Filiberto Anguiano said he and his wife, Bertha, moved to Carson City three years ago from Southern California because of the city's low crime rate.
"We thought it was a great place to raise our kids," the 33-year-old father scoffed Wednesday.
Now, Anguiano has spent three days wondering what happened to his wife, who disappeared Monday morning after dropping off the couple's 6-year-old son, Christian, at Empire Elementary School.
"I just want her back, in one piece, alive, so we can continue our lives together," he said.
Anguiano told investigators during a four-hour interview on Wednesday he had confronted his wife about a possible affair. "I had suspicions," he said. "I still don't believe it."
Sheriff Kenny Furlong said Anguiano may have delayed the investigation by not earlier discussing his wife's possible involvement with another man, but reiterated that Anguiano is not a suspect in her disappearance.
"Her welfare is still of grave concern to this department," Furlong said.
The couple's youngest son, 3-year-old Andrew, was found about 9:30 a.m. Monday in the parking lot of a Dayton grocery store 12 miles from home. He had suffered a blow to his head and an abrasion above his eye. He said he'd been pushed from a blue truck by a man he knew as Juan.
Andrew also told police his mother was dead.
About 1 p.m. Monday, Bertha's unoccupied 1992 Ford Tempo was found in the parking lot of the school. Her keys and purse were gone.
"We don't have any evidence a crime has been committed, except for the statements of the 3-year-old boy," said Furlong.
On Wednesday morning, as officers canvassed the Anguianos' east Carson City neighborhood, they enlisted the help of crossing guards who showed the missing mother's photo to children as they crossed the street to Empire School.
In a chance interview with two students there, Furlong said, they recalled seeing Bertha on Monday morning standing next to her car at the school and talking with a man.
"The lead does appear to be credible. The students were able to tell us exactly where the car was parked, which is where we found it Monday," he said.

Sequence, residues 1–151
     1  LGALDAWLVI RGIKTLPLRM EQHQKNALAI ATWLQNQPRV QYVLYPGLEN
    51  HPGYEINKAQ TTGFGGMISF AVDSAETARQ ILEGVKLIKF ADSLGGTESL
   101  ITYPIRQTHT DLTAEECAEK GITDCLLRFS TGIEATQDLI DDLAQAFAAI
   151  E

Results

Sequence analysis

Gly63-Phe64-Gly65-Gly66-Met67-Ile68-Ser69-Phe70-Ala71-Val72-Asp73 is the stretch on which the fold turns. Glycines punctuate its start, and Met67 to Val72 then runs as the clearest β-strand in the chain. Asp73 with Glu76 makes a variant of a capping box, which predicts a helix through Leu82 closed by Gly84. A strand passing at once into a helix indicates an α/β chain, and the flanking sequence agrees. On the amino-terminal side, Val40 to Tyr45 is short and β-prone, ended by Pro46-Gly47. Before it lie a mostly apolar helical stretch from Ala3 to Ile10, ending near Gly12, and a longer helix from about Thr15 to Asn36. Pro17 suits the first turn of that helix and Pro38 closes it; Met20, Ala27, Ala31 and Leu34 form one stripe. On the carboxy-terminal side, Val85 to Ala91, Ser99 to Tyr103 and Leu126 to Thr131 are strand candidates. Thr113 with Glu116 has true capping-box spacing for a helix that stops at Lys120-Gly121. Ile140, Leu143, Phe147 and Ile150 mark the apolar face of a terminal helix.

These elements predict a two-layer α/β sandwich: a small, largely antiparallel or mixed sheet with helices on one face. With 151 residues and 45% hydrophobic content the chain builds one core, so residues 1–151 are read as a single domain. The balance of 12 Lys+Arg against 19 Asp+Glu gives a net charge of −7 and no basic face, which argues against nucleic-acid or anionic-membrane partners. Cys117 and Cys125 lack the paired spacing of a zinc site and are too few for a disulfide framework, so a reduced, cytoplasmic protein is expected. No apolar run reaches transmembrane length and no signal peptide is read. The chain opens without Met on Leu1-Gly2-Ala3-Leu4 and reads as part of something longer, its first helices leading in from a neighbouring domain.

Tapes from surveillance cameras at the Smith's grocery store in Dayton will be reviewed, Furlong said. Subpoenas requesting Bertha's cell phone records have been issued. There has been no activity on any financial and cell phone accounts in her name, he said.
Weekend receipts totaling about $3,700 from the family's 2-year-old video store, La Casita Video on Woodside Drive, were never deposited. Ordinarily, Bertha would have made the deposit on Monday, according to Furlong.
Filiberto Anguiano was at his job Monday morning with Northern Pipeline about 1,000 feet away from the Smith's store when little Andrew was discovered by a store employee. He said he saw police arrive and wondered what was happening.
Two hours later during a phone call home at lunch time, Anguiano said, his 9-year-old son Eduardo, who had stayed home from school with a cold, told him police had been to the house. Anguiano rushed home, where deputies told him of his wife's disappearance.
Bertha Anguiano, 33 years old, has 13 brothers and sisters, many of them living in Southern California. They found out she was missing on Monday morning when her brother Ricardo Mariscal called to explain why he hadn't come to visit as scheduled the week before.
Three of her brothers drove to Carson City on Wednesday.
"It's kind of hard to understand what has happened," Ricardo Mariscal said. He and brothers Ismael and Pedro say they are sure Bertha wouldn't leave on her own.
The siblings have decided not to tell their elderly parents of Bertha's disappearance. "If she is dead, we definitely won't keep that from them," Mariscal said solemnly.
Anguiano said he's full of despair, wondering where is wife of 10 years has gone.
"Not knowing anything is the hardest," he said. "It's all I can think about."
The Anguianos' three sons are leaving the area at the suggestion of the Sheriff's Department. They will go to Southern California until the disappearance is resolved, Anguiano said.
Anguiano will appear on CNN and Good Morning America this morning, he said.
As for work, Northern Pipeline officials told him they would issue him a check for his vacation time. But he doesn't know when he'll go back to work or how he'll make his mortgage payment.
"I need to keep looking for her. I can't let the Sheriff's Department stop," he said. "I've got to go day by day and stay calm. Everyone knows we were close.